Why do you need to stretch?

• It can optimise your potential for different activities.

• It helps prepare the body for the demands placed upon it in training or racing.

• Heighten your awareness of your bodily movements.

• Reduce the risk of joint sprains, muscle strains and muscle soreness.

• Reduce the risk of back problems.

• Reduce the tension of muscles.

Dynamic stretching

This type of stretching is also known as functional stretching. It basically involves moving the muscles through a range of movements that you will mimic in the activity that you will be doing. It is probably the best form of stretching that you can do prior to exercise. What is more, through stretching dynamically you can keep the core temperature of the body higher due to movement and keep the heart rate up, whereas static stretching will allow both of these important pre-exercise conditions to drop. Dynamic stretching has been demonstrated through research to enhance flexibility and can improve optimum flexibility, which is essential for all sports.

Static stretching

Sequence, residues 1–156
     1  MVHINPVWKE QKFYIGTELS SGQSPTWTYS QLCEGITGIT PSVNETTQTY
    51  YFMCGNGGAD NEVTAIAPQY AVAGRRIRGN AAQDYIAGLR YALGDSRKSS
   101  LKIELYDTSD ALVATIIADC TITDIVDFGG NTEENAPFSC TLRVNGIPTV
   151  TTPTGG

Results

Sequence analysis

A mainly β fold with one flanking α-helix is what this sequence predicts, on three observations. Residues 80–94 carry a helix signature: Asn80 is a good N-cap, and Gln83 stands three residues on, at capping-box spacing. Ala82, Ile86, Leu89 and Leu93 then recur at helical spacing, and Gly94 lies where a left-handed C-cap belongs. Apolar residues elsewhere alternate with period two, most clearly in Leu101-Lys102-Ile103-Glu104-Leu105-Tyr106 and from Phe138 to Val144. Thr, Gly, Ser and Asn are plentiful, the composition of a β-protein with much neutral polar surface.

This is the most commonly used form of stretching. It involves moving the limb and then holding when the stretch is felt. The stretch occurs when the muscles are at or near their maximum Range of Motion. Most recreational athletes use this type of stretching as their warm up for activity. Although this in itself is not a bad form of stretching, recent evidence has shown that dynamic stretching is a better form of stretching prior to exercise. The primary function of stretching before exercise is to raise the body’s core temperature. However, the body is stationary during static stretches and therefore the body’s temperature drops. This can actually lead to straining or pulling of muscles. With this said, static stretching is recognised as the easiest and most effective form of stretching to improve flexibility. Static stretches therefore should be used as a means to improve flexibility after exercise or during flexibility sessions. Static stretching is the best way to improve flexibility on a day-to-day basis but not the best way to warm up.